The government is to create a “champions league” of elite headteachers that can be parachuted in to help improve the performance of struggling schools, the deputy prime minister will announce today.
Nick Clegg (pictured), in a speech at Morpeth School in Tower Hamlets, East London, is due to issue a call to “outstanding leaders” to join a new national programme to better support schools.
“There will be a pool of top talent within the profession, a Champions League of headteachers, made up of heads and deputy heads, who will stand ready to move to schools in challenging circumstances that need outstanding leaders,” he is expected to say.
“So if you’re a school facing tough challenges and finding it hard to recruit an exceptional leader, you’ll be able to call on this team and request someone with a proven leadership track record.
“We’re looking for experienced headteachers ready for a new challenge, or bright deputy heads looking to take the next step and lead a school. If you are selected, we’d need you to make a real commitment to the school, its staff and its children.”
Heads signing up to the programme can expect money to relocate to different parts of the country and professional support to turn schools around, the Liberal Democrat leader is expected to add, with the first people in post from September 2014.
“Initially the scheme will start small, but our ambition is for this team to become as important to our education system as Teach First,” Mr Clegg is due to say.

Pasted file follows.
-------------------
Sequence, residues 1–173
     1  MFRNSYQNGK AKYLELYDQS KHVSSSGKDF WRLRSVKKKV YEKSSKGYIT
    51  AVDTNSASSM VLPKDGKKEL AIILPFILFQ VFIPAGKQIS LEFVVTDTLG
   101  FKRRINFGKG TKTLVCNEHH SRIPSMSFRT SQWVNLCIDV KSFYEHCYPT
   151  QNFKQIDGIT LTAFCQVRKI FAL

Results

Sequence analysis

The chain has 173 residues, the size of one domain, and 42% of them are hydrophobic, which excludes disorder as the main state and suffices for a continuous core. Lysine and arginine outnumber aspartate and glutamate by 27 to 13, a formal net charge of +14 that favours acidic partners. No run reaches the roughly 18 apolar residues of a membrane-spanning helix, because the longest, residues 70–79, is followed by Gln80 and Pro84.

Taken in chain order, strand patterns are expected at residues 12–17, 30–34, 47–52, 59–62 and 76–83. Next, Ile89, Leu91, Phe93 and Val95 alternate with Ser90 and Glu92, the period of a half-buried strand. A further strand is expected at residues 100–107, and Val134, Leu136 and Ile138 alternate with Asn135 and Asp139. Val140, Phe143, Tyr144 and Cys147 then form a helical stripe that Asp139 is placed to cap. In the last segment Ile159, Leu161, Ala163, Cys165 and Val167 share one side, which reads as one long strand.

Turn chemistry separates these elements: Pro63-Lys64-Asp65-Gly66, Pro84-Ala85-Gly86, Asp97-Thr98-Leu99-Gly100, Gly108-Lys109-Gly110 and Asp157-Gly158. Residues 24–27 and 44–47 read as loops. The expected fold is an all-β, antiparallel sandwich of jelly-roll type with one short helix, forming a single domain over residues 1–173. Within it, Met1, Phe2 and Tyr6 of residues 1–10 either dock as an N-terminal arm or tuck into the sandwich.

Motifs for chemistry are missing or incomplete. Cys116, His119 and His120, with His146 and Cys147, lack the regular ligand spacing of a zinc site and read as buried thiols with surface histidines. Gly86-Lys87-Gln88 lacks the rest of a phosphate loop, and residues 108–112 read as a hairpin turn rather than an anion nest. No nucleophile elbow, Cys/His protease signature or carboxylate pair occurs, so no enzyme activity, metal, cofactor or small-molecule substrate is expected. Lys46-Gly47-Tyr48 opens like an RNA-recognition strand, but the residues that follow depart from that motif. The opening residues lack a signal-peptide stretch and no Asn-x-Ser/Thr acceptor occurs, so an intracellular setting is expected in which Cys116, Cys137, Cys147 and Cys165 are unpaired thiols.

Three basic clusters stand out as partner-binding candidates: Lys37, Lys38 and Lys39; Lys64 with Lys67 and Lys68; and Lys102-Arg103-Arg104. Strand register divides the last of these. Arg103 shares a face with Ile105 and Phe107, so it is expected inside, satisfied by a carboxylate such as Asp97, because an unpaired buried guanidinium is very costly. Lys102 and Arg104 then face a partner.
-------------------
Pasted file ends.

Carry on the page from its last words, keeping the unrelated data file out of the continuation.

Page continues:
His comments come after the deputy prime minister made news at the weekend by criticising coalition education policies that allow free schools to appoint unqualified teachers.
Some Conservative politicians were reported to have been angry he had broken ranks, but Mr Clegg will renew his calls today for free schools and academies to forced to comply with “core standards of teaching and care”.
This means all schools should have to appoint qualified staff, follow the national curriculum and meet minimum nutritional standards for meals.
He is also due to widen his attack on both Conservative and Labour education policies.
“Ultimately, the Labour Party is hostile to school autonomy – their instincts always take them back to Whitehall’s heavy hand,” Mr Clegg is expected to say.
“Meanwhile, many on the Right are hostile to setting minimum educational standards. At least they are in academies and free schools. In maintained schools, however, the Conservatives seem to believe it is alright to micromanage things down to which ancient British kings are taught in history class.
“All that I ask is that we seek to deliver the same balance of freedoms and core standards across all schools.”